Student considered for merit scholarship

Posted: Monday, March 10, 2008

When Jedidiah Schlung was a sophomore in high school, he lived in Nikolski in the Aleutian Islands.

Schlung had to fly to Dutch Harbor to take the Pre-Standard Aptitude Test because his parents were the only two teachers at Nikolski's school and could not administer the test. He returned home only to find out the test wouldn't count until his junior year. He took the test again at that point and it paid off.

Schlung, whose family has relocated to Kenai, received an honorable mention from the National Merit Scholarship Corporation and has become a finalist for the organization's scholarship program.

"I thought it was really interesting," Schlung said. "I kind of figured the PSAT would be a lot easier than the SAT but when I did the SAT last year, I realized they were pretty much the same."

The National Merit Scholarship Corporation chooses 15,000 finalists out of a pool of 50,000 students from around the county. The 50,000 students are selected based solely on their PSAT scores. According to Schlung, the 8,000 students who will be awarded $2,000 scholarships this month are chosen based on academics.

"They didn't require any essays (or) interviews," he said. "It was mostly just school activity. It's a lot different than all the other scholarships I've been looking at."

In addition to the $2,000 scholarship, National Merit Scholars frequently receive additional awards from the university they choose to attend.

"(One school) said, 'If you become a National Merit Scholar, we'll give you this full scholarship, $18,000 a year,'" Schlung said.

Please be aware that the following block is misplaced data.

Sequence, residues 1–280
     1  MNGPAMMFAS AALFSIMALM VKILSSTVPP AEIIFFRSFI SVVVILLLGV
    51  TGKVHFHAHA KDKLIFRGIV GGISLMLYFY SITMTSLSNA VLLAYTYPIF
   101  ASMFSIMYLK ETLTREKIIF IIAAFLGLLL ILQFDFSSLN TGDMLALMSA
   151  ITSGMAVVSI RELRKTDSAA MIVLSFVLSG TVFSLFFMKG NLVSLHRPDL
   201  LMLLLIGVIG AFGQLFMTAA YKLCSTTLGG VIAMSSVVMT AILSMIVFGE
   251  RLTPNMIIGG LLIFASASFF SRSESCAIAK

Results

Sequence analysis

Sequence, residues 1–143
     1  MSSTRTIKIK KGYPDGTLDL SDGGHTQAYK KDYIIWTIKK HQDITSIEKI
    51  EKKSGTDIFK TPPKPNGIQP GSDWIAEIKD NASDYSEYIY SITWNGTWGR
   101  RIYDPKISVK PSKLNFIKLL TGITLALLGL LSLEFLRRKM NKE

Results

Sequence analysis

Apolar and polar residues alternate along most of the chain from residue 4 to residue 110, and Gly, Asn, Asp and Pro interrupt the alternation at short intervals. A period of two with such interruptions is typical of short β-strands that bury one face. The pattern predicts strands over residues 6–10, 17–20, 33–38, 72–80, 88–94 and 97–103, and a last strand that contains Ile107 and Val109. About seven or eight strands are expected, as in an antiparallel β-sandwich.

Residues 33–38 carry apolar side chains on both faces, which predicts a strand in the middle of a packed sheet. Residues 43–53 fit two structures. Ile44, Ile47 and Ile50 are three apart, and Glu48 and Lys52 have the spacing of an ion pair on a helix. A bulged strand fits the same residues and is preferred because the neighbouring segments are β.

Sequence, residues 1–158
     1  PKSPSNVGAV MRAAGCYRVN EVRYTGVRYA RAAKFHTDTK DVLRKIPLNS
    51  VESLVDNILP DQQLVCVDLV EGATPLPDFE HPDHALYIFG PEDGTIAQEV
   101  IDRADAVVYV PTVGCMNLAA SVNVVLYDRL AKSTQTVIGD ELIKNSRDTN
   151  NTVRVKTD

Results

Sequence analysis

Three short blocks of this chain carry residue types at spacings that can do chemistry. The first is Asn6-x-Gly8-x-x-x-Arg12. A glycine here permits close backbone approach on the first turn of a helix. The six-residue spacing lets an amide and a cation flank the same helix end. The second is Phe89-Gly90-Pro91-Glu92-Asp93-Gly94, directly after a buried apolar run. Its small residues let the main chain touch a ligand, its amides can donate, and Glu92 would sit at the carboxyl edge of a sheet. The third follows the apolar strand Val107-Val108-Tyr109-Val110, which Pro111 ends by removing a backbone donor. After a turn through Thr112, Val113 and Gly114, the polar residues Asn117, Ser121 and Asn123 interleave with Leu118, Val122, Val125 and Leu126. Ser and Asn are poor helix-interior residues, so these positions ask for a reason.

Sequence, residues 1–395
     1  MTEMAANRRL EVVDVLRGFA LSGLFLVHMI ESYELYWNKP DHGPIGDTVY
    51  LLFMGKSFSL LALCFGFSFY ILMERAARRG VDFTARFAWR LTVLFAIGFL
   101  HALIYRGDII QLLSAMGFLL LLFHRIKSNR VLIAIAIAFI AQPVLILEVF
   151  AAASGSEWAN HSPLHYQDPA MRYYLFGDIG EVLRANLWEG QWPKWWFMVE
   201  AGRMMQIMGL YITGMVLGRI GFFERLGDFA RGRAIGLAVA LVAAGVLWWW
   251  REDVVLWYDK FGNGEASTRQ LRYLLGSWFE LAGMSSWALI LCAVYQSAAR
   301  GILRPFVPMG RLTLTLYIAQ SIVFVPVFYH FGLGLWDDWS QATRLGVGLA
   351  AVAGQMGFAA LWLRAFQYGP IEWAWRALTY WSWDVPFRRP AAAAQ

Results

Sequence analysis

Schlung has applications in at the Massachusetts Institute of Technology, Boston University, LeTourneau University, Franklin W. Olin College of Engineering and the University of Alaska Fairbanks.

"I'm pretty confident that LeTourneau is an option and I'm pretty confident that Olin is an option," Schlung said. "I've always thought it would be awesome to go to MIT."

Schlung, who finished his high school course work through the Connections home-school program as a junior and is now taking classes at Kenai Peninsula College, said he can't decide where he wants to focus his studies. He is considering medicine, architecture, teaching and engineering.

"I really like kids. At my church I lead the AWANA team and I've directed vacation Bible school games at Soldotna Bible," he said. "Anytime I can hang out with third- and fourth-graders would be all right with me.

"Right now it's kind of a tossup. Do I want to be with kids or do I want to go with engineering?"

Schlung visited Olin, a specialized engineering institution, at the beginning of the month. The school only accepts about 80 students every year, each with a full scholarship.

"If I got into Olin, I wouldn't even have to worry about the National Merit Scholarship," Schlung said. "I like the environment there because it's really a lot of smart people. I can go to Olin and say, 'Wow there's about 50 people here that are a lot smarter than me.'"

Schlung said he is considering LeTourneau in case he decides to pursue something other than engineering.

"They'll have a lot more options, where as, if I go to Olin, it would just be engineering," he said. "I would like to go to a small school because you get smaller classrooms ... , but I'd also like to go to a bigger school because you get more options."

Schlung's father, Tyler, a teacher at Kenai Middle School, said that he and his wife, Cindy, are "very proud" of Jedidiah.

"There is something inside him that drives him," he said. "I don't know that I can say just what it is, yet it has served him well.

"Regardless of the direction he chooses, we'll be there for him in any way we can. Life is an adventure, and we're both excited to see the adventure unfold."

Hannahlee Allers can be reached at

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